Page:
Simply put, regression is used for modelling the relationship among variables. Historical or observed data points for variables under study are put into regression model.
Regression involves fitting a linear equation between dependent and independent variables (Dependent variable is the outcome/response variable and independent variable is a factor affecting dependent variable).
Objectives of regression
- Analyse the relationship among variables
- Level of influence of factors (independent variables) on the outcome variable
- Useful in prediction of outcome variable for a given level of factor/independent variable.
A company wants to analyse the relationship of revenues (Sales) and advertising spend. Here, the outcome/response variable is ‘Sales’ and the factor (Independent variable) affecting it is ‘Advertising spend’.
Once the assumptions are met and a reliable regression model is developed, it could be used to predict the sales in future for a given level of advertising spend. One should be however cautious as many other factors apart from advertising spend influence the sales numbers.
Simple linear regression
Only one independent variable or factor is involved in regression
Dependent variable as a function of independent variables
y = f(x1, x2, x3, x4, …., xn)
In Simple linear regression we have only one factor, the equation becomes
y = f(x1)
As we are fitting a straight line (finding a linear relationship), equation becomes
y = b0 + b1x1
y is dependent variable
x1 is independent variable
b0 is the y-intercept and
b1 is the slope of the equation
Scatterplot and the best fit line
It is good to have a visual depiction of available data so as to broadly understand the trends and patterns.
In regression model, we fit a straight line or equation that best fits the data as shown below
Equation of best fit line in above plot is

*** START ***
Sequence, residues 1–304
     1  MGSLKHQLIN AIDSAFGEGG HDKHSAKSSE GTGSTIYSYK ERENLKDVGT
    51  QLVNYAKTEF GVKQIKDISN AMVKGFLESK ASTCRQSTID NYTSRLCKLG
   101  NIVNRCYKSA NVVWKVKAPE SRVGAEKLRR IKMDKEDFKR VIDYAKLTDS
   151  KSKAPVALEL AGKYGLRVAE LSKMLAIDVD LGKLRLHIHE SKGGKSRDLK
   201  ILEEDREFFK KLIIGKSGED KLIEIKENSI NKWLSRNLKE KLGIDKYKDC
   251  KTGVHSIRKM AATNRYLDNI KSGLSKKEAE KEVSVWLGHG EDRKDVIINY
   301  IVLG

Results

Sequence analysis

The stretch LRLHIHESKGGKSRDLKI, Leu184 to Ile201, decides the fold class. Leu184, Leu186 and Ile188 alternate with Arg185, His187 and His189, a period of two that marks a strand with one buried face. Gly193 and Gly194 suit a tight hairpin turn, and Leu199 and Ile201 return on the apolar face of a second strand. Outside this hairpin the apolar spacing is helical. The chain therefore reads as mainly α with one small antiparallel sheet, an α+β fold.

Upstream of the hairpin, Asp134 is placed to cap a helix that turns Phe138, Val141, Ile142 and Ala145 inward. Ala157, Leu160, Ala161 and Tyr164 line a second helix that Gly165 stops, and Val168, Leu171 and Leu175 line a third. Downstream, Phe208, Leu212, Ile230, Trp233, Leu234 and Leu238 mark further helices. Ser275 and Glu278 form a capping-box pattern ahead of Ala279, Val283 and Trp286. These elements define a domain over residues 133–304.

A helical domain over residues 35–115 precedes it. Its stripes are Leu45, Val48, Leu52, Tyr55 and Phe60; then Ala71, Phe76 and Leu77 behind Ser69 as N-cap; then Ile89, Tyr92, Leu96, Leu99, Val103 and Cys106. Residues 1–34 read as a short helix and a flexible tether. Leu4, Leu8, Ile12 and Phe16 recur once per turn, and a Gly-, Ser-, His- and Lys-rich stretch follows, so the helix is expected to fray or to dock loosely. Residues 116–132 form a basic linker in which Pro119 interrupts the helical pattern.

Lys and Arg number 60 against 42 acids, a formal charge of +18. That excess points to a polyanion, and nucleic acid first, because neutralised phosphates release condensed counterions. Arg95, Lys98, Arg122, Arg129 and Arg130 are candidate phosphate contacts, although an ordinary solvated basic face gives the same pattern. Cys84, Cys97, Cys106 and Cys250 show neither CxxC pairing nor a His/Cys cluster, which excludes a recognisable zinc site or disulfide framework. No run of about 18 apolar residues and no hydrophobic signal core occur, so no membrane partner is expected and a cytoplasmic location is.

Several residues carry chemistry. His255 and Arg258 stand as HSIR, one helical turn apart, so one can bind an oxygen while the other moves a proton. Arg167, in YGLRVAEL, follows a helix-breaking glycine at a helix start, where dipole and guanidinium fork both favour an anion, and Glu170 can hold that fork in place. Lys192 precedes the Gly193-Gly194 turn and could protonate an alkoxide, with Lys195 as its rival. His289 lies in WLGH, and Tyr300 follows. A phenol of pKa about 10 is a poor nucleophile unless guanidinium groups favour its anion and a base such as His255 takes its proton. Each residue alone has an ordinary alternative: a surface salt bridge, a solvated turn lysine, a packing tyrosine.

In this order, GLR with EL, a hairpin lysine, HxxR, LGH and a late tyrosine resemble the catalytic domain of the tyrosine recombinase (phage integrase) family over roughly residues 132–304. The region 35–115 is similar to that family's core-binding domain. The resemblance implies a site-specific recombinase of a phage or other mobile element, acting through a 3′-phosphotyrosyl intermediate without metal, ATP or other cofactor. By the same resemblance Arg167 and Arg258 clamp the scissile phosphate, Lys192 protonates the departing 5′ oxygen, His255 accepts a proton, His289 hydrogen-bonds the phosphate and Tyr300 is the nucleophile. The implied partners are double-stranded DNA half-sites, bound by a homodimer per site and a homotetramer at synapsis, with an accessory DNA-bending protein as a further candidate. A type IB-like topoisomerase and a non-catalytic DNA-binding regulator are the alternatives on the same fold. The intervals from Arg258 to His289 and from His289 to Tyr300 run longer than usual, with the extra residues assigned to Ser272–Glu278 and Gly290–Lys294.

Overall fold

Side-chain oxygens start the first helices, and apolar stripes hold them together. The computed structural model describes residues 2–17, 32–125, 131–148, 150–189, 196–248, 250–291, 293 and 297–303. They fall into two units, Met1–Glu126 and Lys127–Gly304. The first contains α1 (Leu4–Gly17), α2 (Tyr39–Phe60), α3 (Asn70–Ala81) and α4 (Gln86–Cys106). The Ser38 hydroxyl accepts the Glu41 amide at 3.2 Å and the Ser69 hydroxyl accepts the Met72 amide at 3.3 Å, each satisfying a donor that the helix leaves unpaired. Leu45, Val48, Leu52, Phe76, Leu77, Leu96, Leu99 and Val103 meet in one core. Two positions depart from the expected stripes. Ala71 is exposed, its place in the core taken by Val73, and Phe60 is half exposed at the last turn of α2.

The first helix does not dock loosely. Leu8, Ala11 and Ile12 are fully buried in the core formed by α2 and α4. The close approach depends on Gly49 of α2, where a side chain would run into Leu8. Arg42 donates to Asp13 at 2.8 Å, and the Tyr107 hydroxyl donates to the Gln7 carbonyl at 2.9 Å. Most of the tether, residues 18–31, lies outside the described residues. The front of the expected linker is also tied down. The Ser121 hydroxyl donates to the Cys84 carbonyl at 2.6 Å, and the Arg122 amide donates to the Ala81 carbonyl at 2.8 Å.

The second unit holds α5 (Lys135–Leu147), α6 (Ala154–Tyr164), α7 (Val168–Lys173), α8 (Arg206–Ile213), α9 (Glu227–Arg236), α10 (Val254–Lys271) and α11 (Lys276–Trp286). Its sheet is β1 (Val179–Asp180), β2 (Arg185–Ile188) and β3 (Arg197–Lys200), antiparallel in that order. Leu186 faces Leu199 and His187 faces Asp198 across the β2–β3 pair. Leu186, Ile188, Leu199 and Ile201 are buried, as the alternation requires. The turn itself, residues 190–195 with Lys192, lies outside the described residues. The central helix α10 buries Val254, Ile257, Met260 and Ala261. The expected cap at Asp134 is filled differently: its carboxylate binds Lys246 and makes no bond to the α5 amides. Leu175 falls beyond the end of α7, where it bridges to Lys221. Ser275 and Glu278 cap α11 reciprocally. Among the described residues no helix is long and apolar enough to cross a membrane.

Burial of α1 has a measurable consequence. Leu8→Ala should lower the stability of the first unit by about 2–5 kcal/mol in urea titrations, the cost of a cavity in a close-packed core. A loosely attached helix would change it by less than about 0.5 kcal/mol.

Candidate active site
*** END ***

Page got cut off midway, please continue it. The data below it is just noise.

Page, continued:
y = 89,290 + 2.6129 x
Errors or residuals in regression
Values of y given in the dataset could be represented as
y = 89,290 + 2.6129 x + e
Where e is the error term or residual value
- e is +ve if the value of y for a datapoint is above regression line
- e is -ve if the value of y for a datapoint is below regression line
Error = Actual y value – calculated y value using regression equation
Hence, the residual value or error is defined as the vertical distance between the datapoint and the regression equation.
We will see in our next section how to build regression equation; rest of this section is focused on assumptions of regression model.
Assumptions of linear regression
- Linear relationship between dependent variable and independent variables
- Normal distribution of residuals with zero mean and fixed variance
- Errors are independent of each other and do not form a pattern
- values of x (Independent variable) are not random; it means there is no error associated in measuring the variable x.
Below is a brief explanation of these assumptions; we will once again deal with them in our next section while we discuss on fit of the regression line and how good the developed model is!
As we are fitting a linear equation to explain the relationship between y and x, it is assumed that these variables indeed have a true linear relationship.
Imagine a case (example below), where the relationship between y and x is clearly non-linear but we are trying to fit a linear equation!
Similarly, the below example show where the relationship between y and x is not close to linear.
Tests for linear relationship
- Scatter plot, correlation coefficient and slope of the regression equation provide an idea on linear relationship between y and x
- Correlation coefficient close to zero – NO linear relationship
- Slope of the line should be either +ve or –ve for linear relationship
Distribution of errors
Errors or residuals should be spread on either side of regression line with mean zero and have a fixed variance. Also, these residuals should form a normal distribution.
In cases where the distribution is non-normal, still regression could be performed (methods used in such cases are discussed in coming sections)
Values of y at each value of x must be normally distributed
Variance of y at each value of x is same (homogeneity of variances)
Errors are independent of each other
Errors should not increase or decrease as x increases. This means errors must be purely random and they should not form a pattern. They should not be increasing or decreasing with time.
Errors must be ‘Purely random’; if they are not random and form a pattern, they must have been accommodated in our regression equation!!
We can observe this distribution by plotting residuals vs x values.